Again, it would be wise to test an area and even test various kinds of stain and colors to find what you like best.

After allowing the stain to dry for 24 hours. Terry began to varathane the floor. The first coat we used was a gloss. We were told that this would give better depth. The next day we followed with Satin Varathane. We put three coats of satin Varathane over the single coat of gloss. In between each coat of varathane, Terry gave a very light sanding and used a tack cloth to remove every bit of dust.

This picture is a close up of the floor in a traffic area. You can see a scratch that was original from the distressing. You can see the nail marks that were put there intentionally to make the floor look old and original to the house. You can also see new marks that only add to the floors unique and one of a kind finish.
You can also see the difference in the different grain that fir floor has. When you buy your fir, look at the grain. If lots of the wood has large grain, the floor will have more distinct grain when it is stained. The wood that is top center has larger grain and the piece underneath had very fine grain.

This picture has a good view of the rock smashing that we did with the plywood. This floor was initially a bit of work. We lived in the house when we did the floor renovation. We moved everything from room to room . . . sleeping here and there and everywhere. I didn't have a kitchen for over a month. . . but I had a sink in the laundry room and a hot plate and the fridge was plugged in where ever there was room for it.
I hope that this tutorial is helpful. If you have further questions, I'll try to answer them and put the into the post to add additional information.
The wonderful thing about this floor, is that it does not give me grief. I never worry that someone will damage my floor. . it is after all just a floor, meant to be walked on. Every week, I vacuum and give a light water water mop. . . .in the traffic areas and I'm done. We put the flooring in five years ago and have found that the traffic areas are becoming shinier and have lost the satin look. We plan to give the floor a light sanding soon. . .and give those area a new coat of satin. I asked Terry if he had anything to add. . .he said that you should not start the project with bad knees or a bad back .. .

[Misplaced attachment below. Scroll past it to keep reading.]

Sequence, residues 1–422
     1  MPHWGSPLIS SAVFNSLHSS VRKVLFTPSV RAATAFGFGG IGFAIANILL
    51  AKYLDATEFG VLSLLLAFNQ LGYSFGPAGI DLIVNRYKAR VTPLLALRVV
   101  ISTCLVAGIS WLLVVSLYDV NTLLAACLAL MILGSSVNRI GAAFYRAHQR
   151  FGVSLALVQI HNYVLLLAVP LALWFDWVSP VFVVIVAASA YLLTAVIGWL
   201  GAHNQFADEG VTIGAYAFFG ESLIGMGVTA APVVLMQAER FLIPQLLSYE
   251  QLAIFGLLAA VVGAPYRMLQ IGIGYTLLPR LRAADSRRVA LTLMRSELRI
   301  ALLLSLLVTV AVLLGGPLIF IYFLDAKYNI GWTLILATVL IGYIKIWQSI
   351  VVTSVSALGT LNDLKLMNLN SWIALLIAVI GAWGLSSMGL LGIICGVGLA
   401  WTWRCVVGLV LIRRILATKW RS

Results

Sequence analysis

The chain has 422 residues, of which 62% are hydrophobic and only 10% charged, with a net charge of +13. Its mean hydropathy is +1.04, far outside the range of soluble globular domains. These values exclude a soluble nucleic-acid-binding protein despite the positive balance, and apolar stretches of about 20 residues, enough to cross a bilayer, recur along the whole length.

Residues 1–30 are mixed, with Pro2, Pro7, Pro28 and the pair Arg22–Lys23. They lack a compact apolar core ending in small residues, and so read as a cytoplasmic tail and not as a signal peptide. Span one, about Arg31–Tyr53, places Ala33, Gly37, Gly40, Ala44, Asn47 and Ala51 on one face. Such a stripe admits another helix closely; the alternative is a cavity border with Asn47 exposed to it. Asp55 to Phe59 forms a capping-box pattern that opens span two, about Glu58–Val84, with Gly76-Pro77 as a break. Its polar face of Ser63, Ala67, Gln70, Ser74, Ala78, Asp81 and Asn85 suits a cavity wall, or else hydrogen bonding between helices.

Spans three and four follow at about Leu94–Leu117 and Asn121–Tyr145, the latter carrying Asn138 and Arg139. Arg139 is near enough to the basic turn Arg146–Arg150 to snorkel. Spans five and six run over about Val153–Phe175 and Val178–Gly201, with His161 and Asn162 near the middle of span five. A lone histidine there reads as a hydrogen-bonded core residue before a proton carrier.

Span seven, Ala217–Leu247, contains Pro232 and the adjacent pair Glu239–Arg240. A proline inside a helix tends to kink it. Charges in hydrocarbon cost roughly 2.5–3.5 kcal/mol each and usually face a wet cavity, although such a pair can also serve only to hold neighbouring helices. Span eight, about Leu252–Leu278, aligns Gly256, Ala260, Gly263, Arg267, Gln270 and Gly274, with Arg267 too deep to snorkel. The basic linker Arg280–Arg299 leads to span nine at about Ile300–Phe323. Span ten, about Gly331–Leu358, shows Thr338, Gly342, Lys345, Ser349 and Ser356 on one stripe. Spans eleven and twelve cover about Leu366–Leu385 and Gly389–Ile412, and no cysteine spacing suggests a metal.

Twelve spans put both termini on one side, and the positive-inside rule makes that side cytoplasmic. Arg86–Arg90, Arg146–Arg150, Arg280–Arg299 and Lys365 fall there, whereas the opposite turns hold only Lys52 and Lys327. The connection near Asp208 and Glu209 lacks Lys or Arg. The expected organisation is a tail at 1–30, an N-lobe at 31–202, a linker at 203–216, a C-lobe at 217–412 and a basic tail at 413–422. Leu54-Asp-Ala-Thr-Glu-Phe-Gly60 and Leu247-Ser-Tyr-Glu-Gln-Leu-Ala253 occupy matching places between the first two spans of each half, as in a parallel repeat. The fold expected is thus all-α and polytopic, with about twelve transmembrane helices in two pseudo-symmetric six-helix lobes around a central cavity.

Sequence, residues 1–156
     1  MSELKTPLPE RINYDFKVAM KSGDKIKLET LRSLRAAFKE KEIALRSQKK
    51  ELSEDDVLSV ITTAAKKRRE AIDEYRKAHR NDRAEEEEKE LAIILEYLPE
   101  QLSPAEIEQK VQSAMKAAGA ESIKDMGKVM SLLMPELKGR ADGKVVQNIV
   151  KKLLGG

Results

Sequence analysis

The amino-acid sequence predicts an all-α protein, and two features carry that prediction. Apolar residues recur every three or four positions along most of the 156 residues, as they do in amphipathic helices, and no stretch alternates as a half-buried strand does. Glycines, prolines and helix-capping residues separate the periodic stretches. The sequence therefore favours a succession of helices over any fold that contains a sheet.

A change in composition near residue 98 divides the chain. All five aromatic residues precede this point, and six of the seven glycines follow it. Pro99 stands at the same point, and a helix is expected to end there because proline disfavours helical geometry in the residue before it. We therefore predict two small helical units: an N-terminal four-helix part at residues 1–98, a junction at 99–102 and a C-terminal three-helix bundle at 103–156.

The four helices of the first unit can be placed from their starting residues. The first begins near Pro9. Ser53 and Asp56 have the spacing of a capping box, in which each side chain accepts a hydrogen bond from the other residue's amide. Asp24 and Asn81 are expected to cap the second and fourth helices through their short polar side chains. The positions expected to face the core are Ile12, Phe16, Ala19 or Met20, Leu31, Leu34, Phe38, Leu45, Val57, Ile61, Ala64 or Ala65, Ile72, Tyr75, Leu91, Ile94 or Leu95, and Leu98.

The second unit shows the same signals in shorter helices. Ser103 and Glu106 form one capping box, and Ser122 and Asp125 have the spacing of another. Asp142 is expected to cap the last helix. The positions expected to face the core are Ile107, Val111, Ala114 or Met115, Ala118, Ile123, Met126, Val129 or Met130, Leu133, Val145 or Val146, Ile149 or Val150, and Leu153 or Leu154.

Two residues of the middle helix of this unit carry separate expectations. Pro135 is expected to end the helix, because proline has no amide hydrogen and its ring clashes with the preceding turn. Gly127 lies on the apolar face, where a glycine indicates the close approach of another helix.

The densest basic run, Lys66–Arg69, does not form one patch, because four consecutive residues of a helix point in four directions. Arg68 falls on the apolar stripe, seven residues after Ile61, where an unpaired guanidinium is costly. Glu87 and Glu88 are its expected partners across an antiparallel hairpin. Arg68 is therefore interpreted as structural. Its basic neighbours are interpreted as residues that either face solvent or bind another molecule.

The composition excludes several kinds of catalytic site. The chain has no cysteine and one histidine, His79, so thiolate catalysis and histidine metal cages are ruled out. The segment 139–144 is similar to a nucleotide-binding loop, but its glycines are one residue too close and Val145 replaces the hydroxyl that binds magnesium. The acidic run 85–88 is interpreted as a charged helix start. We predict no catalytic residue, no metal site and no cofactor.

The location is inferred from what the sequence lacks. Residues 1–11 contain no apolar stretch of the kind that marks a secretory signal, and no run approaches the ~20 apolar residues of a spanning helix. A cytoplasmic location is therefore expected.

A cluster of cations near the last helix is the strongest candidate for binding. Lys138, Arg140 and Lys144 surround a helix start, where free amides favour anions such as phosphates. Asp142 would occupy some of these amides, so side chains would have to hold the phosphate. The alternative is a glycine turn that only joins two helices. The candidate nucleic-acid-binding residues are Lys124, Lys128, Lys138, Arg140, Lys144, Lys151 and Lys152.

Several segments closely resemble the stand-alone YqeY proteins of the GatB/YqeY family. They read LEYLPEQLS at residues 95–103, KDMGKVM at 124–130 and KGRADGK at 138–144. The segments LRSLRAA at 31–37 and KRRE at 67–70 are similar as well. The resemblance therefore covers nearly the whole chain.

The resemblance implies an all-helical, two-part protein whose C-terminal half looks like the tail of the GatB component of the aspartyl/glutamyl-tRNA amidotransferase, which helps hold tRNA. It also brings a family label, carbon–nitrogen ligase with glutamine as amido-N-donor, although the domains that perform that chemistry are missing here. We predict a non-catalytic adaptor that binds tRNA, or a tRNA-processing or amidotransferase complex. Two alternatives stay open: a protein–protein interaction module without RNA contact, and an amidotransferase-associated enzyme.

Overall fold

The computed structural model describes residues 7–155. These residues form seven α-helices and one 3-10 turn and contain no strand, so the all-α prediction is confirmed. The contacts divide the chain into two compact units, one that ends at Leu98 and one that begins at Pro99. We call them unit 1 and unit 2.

I've been in a closet and drawer cleaning frenzy again .. .oh it is so good to declutter. Today's job is the filing cabinet. . . .which is close to my computer. . .so, I'll try to pop by some of my favorite blog friends.
All for now .. . .with love,

18 comments:

  1. I'll bet you two looked cute dancing on the plywood-and-gravel-covered floor!

    I do love your floors. I like a floor that can be lived on, and that is allowed to age gracefully. I've often wished for wide-plank reclaimed flooring in my home...always my "next home," as we never seem to stay in one house for very long.

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  2. Oh boy! I can hardly wait to get the carpenter to read this one. It's exactly what I would do, but he'll cringe. LOL!

    I love the look of your beautiful floors!

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  3. Well the results of all your labor are fabulous! Great teamwork!!

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  4. Beautiful floors! Someday I would love to have hardwood. I grew up with that in several houses but now we have carpet. Michael likes warm carpet under his feet :) but I don't like it with children and mess. :) I do think hardwood looks so classy!

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  5. Your floors are wonderful!

    How did Terry learn about these techniques?

    Is it an "Old Mennonite Traditional Floor Finishing Recipe" (trademark pending-no Mennonites were injured in the creation of this flooring)?

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  6. A lovely floor indeed! And while you were busy laying and finishing your tongue and groove fir floor...we were re-claiming old fir timbers from our barn...which are now our fir floor. We didn't know about the 'dancing to distress' step though...so we're just distressing as we go.